The vote did not pass.
Kim made a motion to move about $266,000 between various lines so that the jobs of three police officers, two firefighters and one traffic control maintainer could be saved. He said personnel cuts were made without consulting his department and had been done so in an ineffective way.
"The cuts of seven firefighters and seven police officers gets down to a very specific budget line for each of them. No two are alike because they may have a different health plan, veterans benefits, educational benefits that change their salary," said Kim. "So essentially, when you go and do cuts you've got to look at the specific people you're laying off. Not being consulted, the cuts being made were the wrong people."
Commissioner of Finance Ken Ivins said he would be willing to consider Kim's request on Jan. 1 but not before because he needed to confirm that the numbers were accurate. He also said that the retirement of the police and fire chiefs was still an uncertain variable because they could technically still retract their request for retirement.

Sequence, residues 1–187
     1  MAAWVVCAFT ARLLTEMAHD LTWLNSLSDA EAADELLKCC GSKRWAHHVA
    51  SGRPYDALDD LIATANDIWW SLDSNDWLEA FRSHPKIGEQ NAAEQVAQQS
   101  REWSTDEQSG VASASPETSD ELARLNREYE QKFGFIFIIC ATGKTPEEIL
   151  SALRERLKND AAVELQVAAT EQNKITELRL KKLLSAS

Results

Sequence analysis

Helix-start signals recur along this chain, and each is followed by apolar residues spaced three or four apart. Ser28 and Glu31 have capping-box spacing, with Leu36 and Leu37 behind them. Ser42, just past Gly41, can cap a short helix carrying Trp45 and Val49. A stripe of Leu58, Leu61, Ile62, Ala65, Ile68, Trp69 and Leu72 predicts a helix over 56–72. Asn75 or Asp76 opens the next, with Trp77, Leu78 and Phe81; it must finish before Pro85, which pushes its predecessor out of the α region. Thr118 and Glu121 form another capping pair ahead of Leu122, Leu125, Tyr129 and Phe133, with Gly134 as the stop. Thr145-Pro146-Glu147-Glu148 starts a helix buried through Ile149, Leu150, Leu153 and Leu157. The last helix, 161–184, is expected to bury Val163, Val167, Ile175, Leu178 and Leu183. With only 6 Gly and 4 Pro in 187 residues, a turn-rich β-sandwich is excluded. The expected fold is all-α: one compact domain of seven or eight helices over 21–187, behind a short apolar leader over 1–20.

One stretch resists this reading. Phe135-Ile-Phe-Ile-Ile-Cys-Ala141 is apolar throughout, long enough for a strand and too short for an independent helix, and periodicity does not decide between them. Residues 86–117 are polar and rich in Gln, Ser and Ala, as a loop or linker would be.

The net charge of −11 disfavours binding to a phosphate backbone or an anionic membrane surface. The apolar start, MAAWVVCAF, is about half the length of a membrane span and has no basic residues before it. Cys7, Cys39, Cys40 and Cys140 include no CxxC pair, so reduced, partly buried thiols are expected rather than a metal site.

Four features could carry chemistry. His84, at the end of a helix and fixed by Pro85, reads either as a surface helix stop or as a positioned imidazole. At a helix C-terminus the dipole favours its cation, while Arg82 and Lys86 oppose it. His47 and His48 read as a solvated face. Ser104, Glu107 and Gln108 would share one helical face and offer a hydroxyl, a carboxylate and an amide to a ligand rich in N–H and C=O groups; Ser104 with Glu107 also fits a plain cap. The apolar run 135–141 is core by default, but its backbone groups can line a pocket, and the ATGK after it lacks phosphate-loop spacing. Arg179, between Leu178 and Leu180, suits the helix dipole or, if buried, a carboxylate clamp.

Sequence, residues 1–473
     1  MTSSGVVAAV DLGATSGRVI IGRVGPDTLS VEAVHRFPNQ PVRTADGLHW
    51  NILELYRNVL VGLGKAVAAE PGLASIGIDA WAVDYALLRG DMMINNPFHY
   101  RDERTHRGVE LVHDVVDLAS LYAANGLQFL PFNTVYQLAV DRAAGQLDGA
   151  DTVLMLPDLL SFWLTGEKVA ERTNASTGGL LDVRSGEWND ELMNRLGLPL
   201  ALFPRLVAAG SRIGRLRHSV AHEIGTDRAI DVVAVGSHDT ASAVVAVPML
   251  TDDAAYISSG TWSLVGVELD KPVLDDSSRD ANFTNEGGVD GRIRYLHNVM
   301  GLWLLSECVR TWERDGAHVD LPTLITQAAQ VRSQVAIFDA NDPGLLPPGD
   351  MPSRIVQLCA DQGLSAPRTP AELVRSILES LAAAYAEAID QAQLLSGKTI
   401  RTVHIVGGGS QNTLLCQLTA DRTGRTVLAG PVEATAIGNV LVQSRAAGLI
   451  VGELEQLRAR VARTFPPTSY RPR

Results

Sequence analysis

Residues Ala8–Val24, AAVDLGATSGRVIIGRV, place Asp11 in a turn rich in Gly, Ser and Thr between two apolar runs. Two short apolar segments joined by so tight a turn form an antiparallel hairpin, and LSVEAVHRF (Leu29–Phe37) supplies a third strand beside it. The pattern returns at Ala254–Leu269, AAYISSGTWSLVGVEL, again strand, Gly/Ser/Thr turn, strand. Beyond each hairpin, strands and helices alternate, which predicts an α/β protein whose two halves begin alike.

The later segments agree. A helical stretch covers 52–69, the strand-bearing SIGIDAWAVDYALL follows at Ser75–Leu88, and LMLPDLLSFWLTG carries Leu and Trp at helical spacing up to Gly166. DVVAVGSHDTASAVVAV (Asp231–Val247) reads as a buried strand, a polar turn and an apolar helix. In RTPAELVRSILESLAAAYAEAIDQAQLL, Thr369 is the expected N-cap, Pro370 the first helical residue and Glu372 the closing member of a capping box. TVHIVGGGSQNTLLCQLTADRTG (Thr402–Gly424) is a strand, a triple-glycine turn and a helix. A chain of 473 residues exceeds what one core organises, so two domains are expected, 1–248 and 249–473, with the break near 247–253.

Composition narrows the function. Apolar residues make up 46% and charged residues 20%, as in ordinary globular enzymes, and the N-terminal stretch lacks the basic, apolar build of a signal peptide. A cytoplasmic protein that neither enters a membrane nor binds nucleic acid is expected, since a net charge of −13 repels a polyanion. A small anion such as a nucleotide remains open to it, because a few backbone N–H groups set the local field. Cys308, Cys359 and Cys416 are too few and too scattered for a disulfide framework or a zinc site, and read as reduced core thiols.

The City Council also adopted amendments that would outline stricter and more specific guidelines for the use of city vehicles under the city's fleet safety policy.
"We've been having problems with noncompliance with city vehicles; employees refusing to wear seatbelts, using cell phones while driving and smoking in vehicles. We're basically having problems managing the fact that driving a city vehicle is a privilege and not a right," said Marilyn Rivers, director of Risk and Safety for the city. "According to supervisors, people have been arrested and picked up for driving under the influence of drugs and alcohol and they find out weeks after, which puts the city at risk. We're continuing to have insurance accidents and most frequently we're having accidents with the same individuals three or four times."